Usually, I’m all about complexity in wines — the various layers that make wine interesting and take it beyond just alcoholic fruit juice. How does oak aging factor in? Can you detect minerals that reflect a wine’s terroir? How about spice or floral notes? Saline or earth? The list goes on.
Students of wine live for this. But every once in a while, I want to stop being a student. I want to stop analyzing and just enjoy a glass or two of cold, refreshing, easy-drinking white wine.
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The other night, I was about to leave one of my favorite wine stores with a box of mostly small-production bottles I thought would be “interesting” when the owner pointed to one more wine sitting on the counter. He urged me to try it.
Domaine Lafage’s Côté Est 2016 turned out to be exactly that kind of quaffable wine I’m talking about, a delightful white blend from the Côtes Catalanes area of Roussillon in the south of France. This is Mediterranean wine, and two of the three grapes in the blend — Grenache Blanc and Roussanne — are mainstays of the region. Chardonnay rounds out the mix.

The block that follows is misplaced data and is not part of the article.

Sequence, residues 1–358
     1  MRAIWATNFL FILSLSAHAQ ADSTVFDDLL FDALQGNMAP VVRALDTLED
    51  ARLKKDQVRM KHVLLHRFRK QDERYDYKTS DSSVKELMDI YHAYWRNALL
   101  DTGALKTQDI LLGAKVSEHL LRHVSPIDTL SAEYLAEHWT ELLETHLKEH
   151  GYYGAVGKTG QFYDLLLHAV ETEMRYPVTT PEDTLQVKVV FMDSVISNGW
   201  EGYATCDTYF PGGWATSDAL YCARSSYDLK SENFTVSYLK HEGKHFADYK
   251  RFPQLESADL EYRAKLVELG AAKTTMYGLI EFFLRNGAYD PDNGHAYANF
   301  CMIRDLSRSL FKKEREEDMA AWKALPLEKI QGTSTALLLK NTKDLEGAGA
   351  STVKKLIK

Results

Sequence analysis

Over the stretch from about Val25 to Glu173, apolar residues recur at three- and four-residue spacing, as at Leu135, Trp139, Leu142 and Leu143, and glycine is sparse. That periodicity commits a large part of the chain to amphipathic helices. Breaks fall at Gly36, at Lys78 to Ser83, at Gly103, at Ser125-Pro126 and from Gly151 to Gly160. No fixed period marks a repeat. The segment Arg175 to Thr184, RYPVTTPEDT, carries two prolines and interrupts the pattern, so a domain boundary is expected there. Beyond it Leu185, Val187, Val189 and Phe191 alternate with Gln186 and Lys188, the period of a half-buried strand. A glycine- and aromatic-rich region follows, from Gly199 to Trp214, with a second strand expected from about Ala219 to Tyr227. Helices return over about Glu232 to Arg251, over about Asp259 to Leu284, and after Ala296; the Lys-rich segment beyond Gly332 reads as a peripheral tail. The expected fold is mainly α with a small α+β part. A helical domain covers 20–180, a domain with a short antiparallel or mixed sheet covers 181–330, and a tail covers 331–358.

I can imagine the French drinking this wine in the heat of summer, washing down seafood at outdoor restaurants along the Catalan coast. At 12.5 percent alcohol, ordering another bottle is easy. I can see it as well at beach and backyard parties here.
“Ah, that’s nice,” I said to myself on first sip, just the kind of simple reaction I want with this type of wine. Nice in that it’s light, fresh, and thirst-quenching, showing mostly lemon and orange notes and touches of white peach and flowers. A few months of aging on the lees in stainless steel tanks smooths any rough edges.
As for temperature, I don’t usually suggest drinking white wines too cold because the flavors can be obscured. But for this one I make an exception; its delightful simplicity is accentuated by a good chill.
Oh, and did I mention that you’ll find it for around $11 or so?